2010 marks the second year in a row that no new coal-fire power plants were constructed in the United States according to the Washington Post. However coal-fired plants remain the largest generator of electricity in the U.S. supplying approximately 50% of all power generated each year. Increasingly however factors such as the economy, lower natural gas prices, and environmentalist opposition, have effectively halted the growth of the coal industry.
Recent technological advancements in the extraction and production of natural gas have unlocked for use large domestic supplies previously thought unusable. This in turn has driven the cost of natural gas down dramatically. Reserves of natural gas found in Shale Rock formations, (or Shale Gas) are thought to be enormous, rivaling the oil reserves of the Middle East.
With many in the industry looking to natural gas as the future, including American Electric Power (AEP) America’s largest electricity generator, interest in new coal plants seems to be waning. Additionally according to a report from Deutsche Bank, if gas prices stay below $6, more plants will be converting from coal to gas.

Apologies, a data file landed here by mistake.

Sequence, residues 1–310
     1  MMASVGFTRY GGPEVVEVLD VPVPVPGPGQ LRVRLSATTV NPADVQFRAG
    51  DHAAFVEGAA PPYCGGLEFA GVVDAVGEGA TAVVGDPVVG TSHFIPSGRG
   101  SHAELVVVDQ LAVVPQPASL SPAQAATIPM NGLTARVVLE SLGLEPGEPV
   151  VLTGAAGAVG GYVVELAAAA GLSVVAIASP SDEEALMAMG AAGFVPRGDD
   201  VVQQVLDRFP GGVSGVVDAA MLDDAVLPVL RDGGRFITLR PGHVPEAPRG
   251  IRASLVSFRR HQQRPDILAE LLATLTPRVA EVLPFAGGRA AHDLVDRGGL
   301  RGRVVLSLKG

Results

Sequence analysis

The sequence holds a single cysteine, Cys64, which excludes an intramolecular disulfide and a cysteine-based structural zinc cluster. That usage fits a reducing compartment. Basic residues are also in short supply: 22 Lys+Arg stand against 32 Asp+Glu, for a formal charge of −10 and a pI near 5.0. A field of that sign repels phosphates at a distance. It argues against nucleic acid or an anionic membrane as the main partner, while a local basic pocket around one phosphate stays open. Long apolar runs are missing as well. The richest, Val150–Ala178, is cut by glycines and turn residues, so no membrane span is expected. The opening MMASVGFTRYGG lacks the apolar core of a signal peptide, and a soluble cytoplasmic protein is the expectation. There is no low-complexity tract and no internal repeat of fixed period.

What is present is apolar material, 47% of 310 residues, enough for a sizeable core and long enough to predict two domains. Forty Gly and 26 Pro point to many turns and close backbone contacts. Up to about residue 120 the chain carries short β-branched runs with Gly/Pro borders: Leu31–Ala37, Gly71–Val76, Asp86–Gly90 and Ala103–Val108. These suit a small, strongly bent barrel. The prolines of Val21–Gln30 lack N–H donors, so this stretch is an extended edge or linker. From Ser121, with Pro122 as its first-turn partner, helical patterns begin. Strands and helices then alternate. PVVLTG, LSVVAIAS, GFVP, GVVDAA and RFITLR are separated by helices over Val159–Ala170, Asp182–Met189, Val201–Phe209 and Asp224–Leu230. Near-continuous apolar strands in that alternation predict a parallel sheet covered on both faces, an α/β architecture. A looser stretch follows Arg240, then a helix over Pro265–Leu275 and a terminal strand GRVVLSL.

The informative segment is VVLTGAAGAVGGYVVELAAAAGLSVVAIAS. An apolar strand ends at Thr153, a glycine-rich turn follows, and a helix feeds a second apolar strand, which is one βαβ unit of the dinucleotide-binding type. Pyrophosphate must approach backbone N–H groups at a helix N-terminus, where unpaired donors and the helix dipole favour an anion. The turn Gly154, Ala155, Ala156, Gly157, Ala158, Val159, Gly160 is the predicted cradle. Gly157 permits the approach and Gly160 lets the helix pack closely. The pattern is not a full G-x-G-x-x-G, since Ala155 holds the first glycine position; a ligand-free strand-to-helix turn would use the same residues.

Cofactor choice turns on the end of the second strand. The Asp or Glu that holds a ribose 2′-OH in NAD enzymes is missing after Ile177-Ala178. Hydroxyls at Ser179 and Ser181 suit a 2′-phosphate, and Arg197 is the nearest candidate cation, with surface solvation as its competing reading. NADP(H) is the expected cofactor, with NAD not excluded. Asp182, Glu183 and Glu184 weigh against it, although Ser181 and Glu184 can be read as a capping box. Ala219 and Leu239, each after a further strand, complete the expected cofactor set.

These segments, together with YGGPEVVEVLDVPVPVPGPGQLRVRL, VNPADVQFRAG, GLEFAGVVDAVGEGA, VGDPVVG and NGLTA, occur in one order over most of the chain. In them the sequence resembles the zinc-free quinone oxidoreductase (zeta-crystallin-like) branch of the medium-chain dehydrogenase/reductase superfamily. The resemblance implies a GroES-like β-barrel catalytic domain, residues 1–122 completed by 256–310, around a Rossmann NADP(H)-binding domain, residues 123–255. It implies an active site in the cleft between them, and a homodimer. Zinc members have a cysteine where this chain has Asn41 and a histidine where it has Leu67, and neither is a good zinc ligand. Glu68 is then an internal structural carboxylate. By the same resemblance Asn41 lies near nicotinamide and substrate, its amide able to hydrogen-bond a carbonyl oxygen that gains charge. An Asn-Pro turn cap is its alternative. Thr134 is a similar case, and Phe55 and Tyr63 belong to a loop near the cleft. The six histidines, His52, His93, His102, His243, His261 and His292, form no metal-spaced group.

“Coal is a dead man walkin’,” says Kevin Parker, global head of asset management and a member of the executive committee at Deutsche Bank. “Banks won’t finance them. Insurance companies won’t insure them. The EPA is coming after them…And the economics to make it clean don’t work.”
This however does not mean that the coal industry is dead. The coal industry still manged to have enough weight last year to kill the climate legislation (cap and trade) in the US Senate, showing it still has a lot of influence in politics and public opinion. Plus, even as it declines, it remains the number one source of electricity in America.
Further challenges await the coal industry this year from a different front. Beginning this year, the Environmental Protection Agency has new regulations scheduled to take effect to lower greenhouse gas emissions of power plants emitting over 75,000 tons of carbon dioxide per year. Such a rule would force industry to install state-of-the-art emissions controls on new construction in order to obtain the necessary air permits. Along with increased pressure from Washington, this means that existing coal-fired plants will be coming under heavy scrutiny to ensure that they are meeting all current Federal and State emissions regulations. With large fines, and negative publicity being the price of failing to meet the new standards.